Damien Rice ‘My Favourite Faded Fantasy’ – Review

15 Nov

When Damien Rice last released an album I was still at school. Youtube and facebook were in their infant stages and there was no such thing as Spotify. Myspace was big. Bush was president. I don’t need to go on; you know how much the world has changed in the last 8 years. And here, suddenly and unexpectedly, we have a new Damien Rice record, as if nothing has changed at all. It isn’t hard to imagine Rice doing much the same thing to an ex; turning up at the door years later with a bunch of flowers, a sorry smile, a slurred ’hiya’, expecting to pick up where he left off. It’s over Damien, this boat has sailed.

He’s just that kind of guy. He is, as he seems to be aware, one of life’s losers. A moaner, a complainer, self-indulgent, self-obsessive even. I mean this fondly – we have all felt like Damien Rice at some point. We have all felt lonely, needy, Picked upon. We have all looked to the sky selfishly and asked ‘why me.’ In the darkest, most melancholic hour we have all felt like Damien Rice. And in those solitary moments, his two previous albums ‘O’ and ‘9’ could sound like the most vital, necessary music ever produced. They were so intimate, so desperate, so heartfelt, so generous and sharing, and so crushing, that if you were in just the right mood they could hold you close and comfort you or finish you off. These weren’t albums I regularly listened to, or thought had any great artistic value, but they were albums that possessed me in certain moods, albums’ that, in a way, I valued as much as anything else in my collection.

On ‘My Favourite Faded Fantasy’ Rice has stepped out of his old mind-set and moved away from the misery in order to reflect upon it. He’s re-cast himself as a sage; a man of wisdom and knowledge, a man who is no longer there to indulge in sadness but to meditate on it and to advise about it. Last time around there was an unfiltered connection between the heart and the mouth. Here his feelings take a detour through the brain. What comes out is therefore more considered and on the whole less affecting. It’s also, often, a load of nonsense. ’It takes a lot to know a man, it takes a lot to understand,’ he begins one song, before spending nine minutes(!) trying to do just that without getting any closer to understanding. On ’I Don’t Want to Change you’, the nice first single, he presents himself as sensible, empathetic and understanding – no longer the needy man-child he once was, he’s now willing to do just about anything his muse desires. What is he willing to change about himself? Everything. What does he want to change about her? Nothing. Unfortunatley he sounds desperate rather than confident. Throughout the album this facade of sophistication and maturity remains unconvincing and tiresome.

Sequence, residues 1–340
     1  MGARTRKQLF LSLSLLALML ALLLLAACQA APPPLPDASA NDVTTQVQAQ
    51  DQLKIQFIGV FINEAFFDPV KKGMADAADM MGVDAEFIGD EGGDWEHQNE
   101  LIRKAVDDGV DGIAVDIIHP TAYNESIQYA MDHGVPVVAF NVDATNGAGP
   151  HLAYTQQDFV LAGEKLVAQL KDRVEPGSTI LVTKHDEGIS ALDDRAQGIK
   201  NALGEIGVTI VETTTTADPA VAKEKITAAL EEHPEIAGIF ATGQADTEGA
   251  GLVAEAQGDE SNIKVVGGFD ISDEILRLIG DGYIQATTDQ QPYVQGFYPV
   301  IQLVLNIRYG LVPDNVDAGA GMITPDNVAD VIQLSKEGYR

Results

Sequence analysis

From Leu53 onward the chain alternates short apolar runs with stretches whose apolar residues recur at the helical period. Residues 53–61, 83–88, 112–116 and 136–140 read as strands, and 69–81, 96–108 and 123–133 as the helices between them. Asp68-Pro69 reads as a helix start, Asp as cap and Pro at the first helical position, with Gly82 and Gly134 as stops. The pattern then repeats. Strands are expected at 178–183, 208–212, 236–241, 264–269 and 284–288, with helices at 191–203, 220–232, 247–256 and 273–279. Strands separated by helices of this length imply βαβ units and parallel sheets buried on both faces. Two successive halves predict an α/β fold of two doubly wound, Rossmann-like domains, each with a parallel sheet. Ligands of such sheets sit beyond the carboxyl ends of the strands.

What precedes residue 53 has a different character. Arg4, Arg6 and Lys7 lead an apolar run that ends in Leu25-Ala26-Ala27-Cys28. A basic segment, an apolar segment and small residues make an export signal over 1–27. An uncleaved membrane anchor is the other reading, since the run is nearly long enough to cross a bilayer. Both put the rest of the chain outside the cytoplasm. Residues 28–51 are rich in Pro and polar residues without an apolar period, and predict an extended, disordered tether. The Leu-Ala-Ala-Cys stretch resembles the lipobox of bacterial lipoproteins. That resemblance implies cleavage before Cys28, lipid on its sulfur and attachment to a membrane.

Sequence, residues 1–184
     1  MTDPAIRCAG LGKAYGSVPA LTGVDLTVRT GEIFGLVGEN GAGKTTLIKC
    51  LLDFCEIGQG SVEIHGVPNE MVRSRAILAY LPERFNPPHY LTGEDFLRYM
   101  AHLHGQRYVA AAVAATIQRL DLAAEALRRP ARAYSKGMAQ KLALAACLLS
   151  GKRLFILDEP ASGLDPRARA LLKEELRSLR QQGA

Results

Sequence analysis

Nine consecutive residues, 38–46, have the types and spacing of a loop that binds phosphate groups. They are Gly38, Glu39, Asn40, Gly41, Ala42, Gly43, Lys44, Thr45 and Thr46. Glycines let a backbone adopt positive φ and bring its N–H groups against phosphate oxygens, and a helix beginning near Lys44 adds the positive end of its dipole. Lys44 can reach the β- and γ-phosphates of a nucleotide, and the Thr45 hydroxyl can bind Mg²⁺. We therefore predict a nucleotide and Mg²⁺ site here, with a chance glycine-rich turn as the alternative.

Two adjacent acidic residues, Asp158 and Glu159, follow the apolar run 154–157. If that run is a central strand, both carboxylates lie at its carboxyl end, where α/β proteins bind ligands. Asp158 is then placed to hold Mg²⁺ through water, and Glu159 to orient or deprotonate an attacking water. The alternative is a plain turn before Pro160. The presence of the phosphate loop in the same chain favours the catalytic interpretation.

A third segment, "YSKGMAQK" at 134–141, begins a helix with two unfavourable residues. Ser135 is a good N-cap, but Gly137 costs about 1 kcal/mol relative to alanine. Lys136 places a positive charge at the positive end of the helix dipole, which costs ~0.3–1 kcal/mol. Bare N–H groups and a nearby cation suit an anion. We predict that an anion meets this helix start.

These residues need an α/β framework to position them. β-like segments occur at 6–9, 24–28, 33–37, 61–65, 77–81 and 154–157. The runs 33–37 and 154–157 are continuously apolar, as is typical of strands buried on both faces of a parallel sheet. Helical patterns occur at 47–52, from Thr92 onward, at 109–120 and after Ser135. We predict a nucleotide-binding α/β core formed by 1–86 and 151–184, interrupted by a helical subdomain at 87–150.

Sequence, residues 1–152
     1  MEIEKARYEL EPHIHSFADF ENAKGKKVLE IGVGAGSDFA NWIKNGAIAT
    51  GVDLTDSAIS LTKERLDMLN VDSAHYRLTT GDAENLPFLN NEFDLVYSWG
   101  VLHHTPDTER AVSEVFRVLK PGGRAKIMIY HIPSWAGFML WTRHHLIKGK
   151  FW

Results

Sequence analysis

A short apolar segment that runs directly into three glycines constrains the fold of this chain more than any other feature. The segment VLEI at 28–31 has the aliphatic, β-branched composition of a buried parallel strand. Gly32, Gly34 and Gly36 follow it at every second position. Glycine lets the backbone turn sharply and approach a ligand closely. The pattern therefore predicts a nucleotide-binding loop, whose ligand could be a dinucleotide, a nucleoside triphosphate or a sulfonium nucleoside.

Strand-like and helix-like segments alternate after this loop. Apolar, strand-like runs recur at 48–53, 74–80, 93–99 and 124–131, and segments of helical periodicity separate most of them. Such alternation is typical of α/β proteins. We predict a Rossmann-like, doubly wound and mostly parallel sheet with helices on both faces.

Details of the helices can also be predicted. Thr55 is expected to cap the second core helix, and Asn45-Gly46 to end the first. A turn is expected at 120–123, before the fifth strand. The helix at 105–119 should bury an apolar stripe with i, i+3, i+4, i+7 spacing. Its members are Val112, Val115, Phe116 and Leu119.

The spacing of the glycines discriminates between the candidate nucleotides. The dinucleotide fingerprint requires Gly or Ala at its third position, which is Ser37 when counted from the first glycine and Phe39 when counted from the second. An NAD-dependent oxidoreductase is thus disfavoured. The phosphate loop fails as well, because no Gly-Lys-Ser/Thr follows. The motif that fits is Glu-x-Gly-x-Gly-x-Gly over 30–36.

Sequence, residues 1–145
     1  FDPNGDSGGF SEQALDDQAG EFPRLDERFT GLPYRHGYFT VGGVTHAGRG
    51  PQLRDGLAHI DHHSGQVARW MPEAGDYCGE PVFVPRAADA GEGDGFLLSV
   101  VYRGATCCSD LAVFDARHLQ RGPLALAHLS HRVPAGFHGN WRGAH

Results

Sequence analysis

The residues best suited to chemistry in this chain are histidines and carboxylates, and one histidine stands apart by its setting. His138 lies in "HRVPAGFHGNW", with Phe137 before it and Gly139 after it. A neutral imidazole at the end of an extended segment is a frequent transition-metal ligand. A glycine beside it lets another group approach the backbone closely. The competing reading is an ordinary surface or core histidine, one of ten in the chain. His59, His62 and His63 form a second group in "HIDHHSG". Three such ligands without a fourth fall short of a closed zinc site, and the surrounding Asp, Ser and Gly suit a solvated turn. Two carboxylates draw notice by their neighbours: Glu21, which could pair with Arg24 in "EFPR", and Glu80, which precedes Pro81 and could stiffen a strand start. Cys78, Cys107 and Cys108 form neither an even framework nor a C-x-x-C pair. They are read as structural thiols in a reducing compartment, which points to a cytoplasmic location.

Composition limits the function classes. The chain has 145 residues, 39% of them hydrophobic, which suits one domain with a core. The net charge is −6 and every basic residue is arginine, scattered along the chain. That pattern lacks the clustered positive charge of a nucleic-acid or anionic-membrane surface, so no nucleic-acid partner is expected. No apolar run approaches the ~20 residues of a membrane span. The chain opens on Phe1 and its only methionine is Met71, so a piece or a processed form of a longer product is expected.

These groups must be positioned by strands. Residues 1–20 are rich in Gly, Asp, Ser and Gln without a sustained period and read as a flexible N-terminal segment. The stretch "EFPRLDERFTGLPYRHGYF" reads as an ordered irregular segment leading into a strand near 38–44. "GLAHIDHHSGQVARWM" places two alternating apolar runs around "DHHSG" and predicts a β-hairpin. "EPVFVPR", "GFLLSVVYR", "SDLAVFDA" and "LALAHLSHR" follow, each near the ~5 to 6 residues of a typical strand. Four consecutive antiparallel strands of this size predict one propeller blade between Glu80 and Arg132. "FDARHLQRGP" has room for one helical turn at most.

There are moments of undiluted sincerity though. On ‘Colour Me In‘ he says ‘Love let me down’, which feels like an understatement of the year from Damien Rice. Then there‘s ‘The Greatest Bastard’, a perfectly crafted ballad both lyrically and musically. It’s still in the reflective mode but comes from a less zen-like place. it’s sung from the perspective of somebody who is tired of fighting, tired of loving and broken in to fragments. His voice is rasp and heartbreaking, especially when he sings ‘some dreams are better when they end.’ It’s the best song on ‘Faded Fantasy’ by a long way, and sadly the only real moment of true clarity and restraint on a record full of bluster and indulgence.

‘My Favourite Faded Fantasy’ is hard work. You pass the quarter of the hour mark before you even reach the third song. That would be indulgent by prog-rock standards, and when it’s mostly just Damien and his instrument, it‘s unbearable. There are only 8 tracks here yet the record would be a double if released on vinyl and I just find that too much of a liberty. Very little about the record is good enough, especially from an artist who has had eight years to work on it. The melodies are mostly unexceptional, the guitar playing is functional and the string arrangements are overbearing and predictable. Structurally most songs are the same – start off quiet before exploding in to a worlwind of noise and passion a few minutes later. It is a useful formula but it’s used time and time again to diminishing effect.

Damien’s tried hard to convince us that his time in the shadows has made him a more experienced and stable human being, unfortunately, perhaps directly as a result of this, he’s taken many steps backwards as a confessional singer-songwriter. There are moments of insight and emotion on the album but they get lost in a lot of excess and indulgence. ‘My Favourite Faded Fantasy’ is simply a quiet, boring, unmoving and meandering mess. His gain is our loss.



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